Testing AC power sources, such as uninterruptible power supplies, can be a real challenge. These products are often tested with resistive load banks, but this approach does not simulate real-world conditions such as switching DC/AC converters found in many AC powered products.
A question that we often get is whether or not the IVI instrument drivers that we supply with our AMETEK VTI products are compatible with Linux. The reason for this question is that many users prefer to have complete control over the software of their test system. And as a result, prefer to use Linux over Windows as their test system’s operating system. For users of LXI instrumentation, the question becomes whether or not the IVI instrument driver that comes standard with their LXI hardware work in Linux.
First of all, it is important to note that there are two levels of IVI compliance: IVI-COM and IVI-C. IVI-C drivers are IVI drivers that that have a C application-programming interface (API). IVI-COM drivers are IVI drivers that have a COM API. COM is a Microsoft technology, and is an architecture that is heavily dependent on the Windows operating system. As a rule of thumb, therefore, IVI-COM drivers will not work on a Linux OS.
When performing functional tests, keeping test times as short as possible is often a critical requirement. Time is money, after all. One way to reduce test times is to reduce the latency in setting up signal switch paths, stimulus devices, and measurements. These can all have a significant impact on the overall time it takes to complete a full functional test of a particular DUT.
Manufacturing and test environments can be very demanding, and most manufacturers need test equipment that is both accurate and reliable to meet increasing product throughput demands. To meet these demands, AMETEK Programmable Power has introduced the VTI EX1403 16-channel bridge and strain gauge instrument. The EX1403 sets the standard for stress and fatigue testing, delivering the highest performance measurements possible while keeping overall test hardware costs low and maximizing system uptime.
Topics: Compliance Testing
AMETEK VTI's new RX0424 IEPE/Voltage Instrument is a cost-effective new device that is ideal for measuring acceleration forces and sensing static and dynamic movement or vibrations. Fully-integrated IEPE current excitation and tachometer input channels further enhance the instrument’s utility and functionality.
The RX0424’s precise signal path design delivers laboratory-grade measurements to the field. The RX4024 provides exceptional accuracy and repeatability by using independent 24-bit analog-to-digital converters at programmable data acquisition rates up to 204.8 kSa per second. Multiple input ranges help ensure that users capture all vibration events, large or small, and precision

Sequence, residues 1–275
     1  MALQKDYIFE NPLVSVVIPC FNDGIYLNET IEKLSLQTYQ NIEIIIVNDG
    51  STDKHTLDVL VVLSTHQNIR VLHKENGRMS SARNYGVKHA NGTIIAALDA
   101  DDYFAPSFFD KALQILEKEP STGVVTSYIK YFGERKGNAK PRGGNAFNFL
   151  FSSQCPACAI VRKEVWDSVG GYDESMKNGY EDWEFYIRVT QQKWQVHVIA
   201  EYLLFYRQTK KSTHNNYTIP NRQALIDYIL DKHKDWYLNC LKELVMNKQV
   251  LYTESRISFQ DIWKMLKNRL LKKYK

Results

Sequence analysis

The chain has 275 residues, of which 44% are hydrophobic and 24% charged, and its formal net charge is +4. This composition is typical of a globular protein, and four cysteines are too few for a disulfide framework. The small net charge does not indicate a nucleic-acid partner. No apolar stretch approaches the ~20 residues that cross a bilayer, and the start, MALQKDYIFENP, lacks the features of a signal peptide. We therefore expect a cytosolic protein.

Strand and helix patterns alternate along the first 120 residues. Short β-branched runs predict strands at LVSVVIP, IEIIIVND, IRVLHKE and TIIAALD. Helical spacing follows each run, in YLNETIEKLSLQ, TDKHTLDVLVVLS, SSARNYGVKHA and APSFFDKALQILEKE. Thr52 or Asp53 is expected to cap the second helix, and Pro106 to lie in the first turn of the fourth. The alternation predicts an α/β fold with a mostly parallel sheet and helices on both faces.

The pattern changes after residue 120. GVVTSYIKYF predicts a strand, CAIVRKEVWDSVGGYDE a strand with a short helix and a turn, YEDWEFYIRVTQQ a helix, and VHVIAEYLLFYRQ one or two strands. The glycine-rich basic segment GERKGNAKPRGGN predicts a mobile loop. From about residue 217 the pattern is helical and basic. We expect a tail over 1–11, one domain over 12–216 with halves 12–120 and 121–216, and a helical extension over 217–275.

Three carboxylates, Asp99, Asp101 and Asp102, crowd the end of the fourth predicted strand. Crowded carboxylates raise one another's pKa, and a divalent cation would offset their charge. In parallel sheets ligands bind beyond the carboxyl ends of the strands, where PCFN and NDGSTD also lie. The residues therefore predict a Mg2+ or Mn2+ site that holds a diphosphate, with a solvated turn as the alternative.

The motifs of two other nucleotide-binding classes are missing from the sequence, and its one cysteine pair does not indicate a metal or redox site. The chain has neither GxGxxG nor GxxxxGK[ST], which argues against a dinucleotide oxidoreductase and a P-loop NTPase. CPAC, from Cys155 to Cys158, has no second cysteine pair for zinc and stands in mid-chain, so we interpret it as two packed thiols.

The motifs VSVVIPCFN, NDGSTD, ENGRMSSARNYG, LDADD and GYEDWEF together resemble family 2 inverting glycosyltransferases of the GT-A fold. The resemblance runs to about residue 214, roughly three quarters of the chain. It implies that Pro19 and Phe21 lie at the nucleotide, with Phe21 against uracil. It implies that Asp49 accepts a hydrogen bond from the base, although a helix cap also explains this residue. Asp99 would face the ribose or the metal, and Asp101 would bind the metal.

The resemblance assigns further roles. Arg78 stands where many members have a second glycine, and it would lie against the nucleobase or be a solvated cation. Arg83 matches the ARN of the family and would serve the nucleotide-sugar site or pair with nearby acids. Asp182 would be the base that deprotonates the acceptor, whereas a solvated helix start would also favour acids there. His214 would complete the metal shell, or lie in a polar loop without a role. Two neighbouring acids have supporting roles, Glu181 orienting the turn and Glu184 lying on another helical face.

The RX4024 connects directly to Integrated Electronic Piezoelectric (IEPE) transducers, which have a built-in charge amplifier or voltage amplifier. IEPE current excitation sources can be programmed to supply either 4.5 mA or 10 mA drive current. These sources can also be tailored to specific application demands.
By Jon Semancik, Director of Marketing, AMETEK/VTI Instruments
Topics: AC Power Sources, Compliance Testing, DC Power-Supplies, Electronic Loads, Uninterruptible Power Supplies, Programmable Power, Programmable Power Solutions, Solar Testing, total cost of ownership
In Part I, we introduced you to the concept of testing equipment for immunity to voltage dips and short power interruptions in accordance with IEC 61000-4-111. In addition to specifying the test waveforms, the standard also specifies AC source requirements for full compliance testing.
Mains voltage dips and short interruptions can be caused by a wide variety of phenomena and can cause equipment to operate unreliability, and in some cases, can damage the equipment. Faulty loads on an adjacent branch circuit, for example, can cause a circuit breaker to trip, and high-power loads such as welders, motors and electric heaters can cause voltage variations. Natural events, such as power lines downed by storms or lightning strikes, may also disrupt mains power.
While switch-mode power supplies have many advantages, one of their disadvantages is that they are a non-linear load, and because of that can inject harmonic currents into the electrical distribution system. Devices with switching supplies include domestic appliances (TVs, microwave ovens, lighting equipment and dimmers), and office equipment (PCs, printers). Motor-driven equipment can also cause harmonic distortion.